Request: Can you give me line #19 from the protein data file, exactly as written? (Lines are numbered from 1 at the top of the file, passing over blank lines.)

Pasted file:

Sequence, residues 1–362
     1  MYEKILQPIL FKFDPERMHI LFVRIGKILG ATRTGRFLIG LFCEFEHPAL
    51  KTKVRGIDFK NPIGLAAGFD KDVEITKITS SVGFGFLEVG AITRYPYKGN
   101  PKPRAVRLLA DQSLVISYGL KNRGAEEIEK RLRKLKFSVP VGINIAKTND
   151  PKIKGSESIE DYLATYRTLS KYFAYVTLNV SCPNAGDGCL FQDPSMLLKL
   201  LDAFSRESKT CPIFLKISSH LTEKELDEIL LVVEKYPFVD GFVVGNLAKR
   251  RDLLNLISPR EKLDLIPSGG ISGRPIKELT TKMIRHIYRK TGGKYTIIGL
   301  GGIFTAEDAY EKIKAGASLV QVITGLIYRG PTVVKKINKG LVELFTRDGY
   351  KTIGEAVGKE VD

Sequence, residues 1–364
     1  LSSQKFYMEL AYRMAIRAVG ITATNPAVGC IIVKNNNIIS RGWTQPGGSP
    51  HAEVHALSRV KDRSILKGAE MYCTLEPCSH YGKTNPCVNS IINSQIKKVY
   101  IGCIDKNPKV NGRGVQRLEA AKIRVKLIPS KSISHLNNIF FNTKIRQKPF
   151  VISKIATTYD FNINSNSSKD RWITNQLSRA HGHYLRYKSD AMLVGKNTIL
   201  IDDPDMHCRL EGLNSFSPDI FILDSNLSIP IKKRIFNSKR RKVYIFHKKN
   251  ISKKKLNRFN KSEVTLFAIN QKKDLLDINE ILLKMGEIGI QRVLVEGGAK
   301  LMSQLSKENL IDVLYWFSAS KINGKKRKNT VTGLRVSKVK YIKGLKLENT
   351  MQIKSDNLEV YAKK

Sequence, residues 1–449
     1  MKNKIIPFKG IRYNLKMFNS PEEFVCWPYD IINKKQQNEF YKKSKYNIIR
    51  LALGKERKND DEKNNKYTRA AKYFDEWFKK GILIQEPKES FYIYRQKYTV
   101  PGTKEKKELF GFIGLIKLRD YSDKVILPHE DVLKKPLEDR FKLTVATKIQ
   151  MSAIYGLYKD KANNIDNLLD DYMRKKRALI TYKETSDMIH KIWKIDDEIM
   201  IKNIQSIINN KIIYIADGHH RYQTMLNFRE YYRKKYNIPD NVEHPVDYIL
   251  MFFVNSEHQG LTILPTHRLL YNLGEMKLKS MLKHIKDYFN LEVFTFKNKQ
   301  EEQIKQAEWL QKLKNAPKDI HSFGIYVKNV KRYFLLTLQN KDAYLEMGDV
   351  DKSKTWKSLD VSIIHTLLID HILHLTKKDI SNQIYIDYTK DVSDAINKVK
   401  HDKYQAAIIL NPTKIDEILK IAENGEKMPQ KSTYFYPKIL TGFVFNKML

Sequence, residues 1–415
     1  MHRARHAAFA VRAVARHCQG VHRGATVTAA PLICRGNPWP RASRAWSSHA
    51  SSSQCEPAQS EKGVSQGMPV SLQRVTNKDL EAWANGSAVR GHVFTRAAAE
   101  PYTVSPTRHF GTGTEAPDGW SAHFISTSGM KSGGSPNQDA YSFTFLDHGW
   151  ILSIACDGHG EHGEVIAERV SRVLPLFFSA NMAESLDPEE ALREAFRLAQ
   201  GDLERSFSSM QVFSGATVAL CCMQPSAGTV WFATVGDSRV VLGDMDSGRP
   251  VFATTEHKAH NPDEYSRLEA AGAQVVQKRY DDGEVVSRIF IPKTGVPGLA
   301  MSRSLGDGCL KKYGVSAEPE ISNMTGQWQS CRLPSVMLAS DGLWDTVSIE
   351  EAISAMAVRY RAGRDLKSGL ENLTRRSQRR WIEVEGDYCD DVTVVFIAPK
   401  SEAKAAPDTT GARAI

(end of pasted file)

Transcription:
Sequence, residues 1–449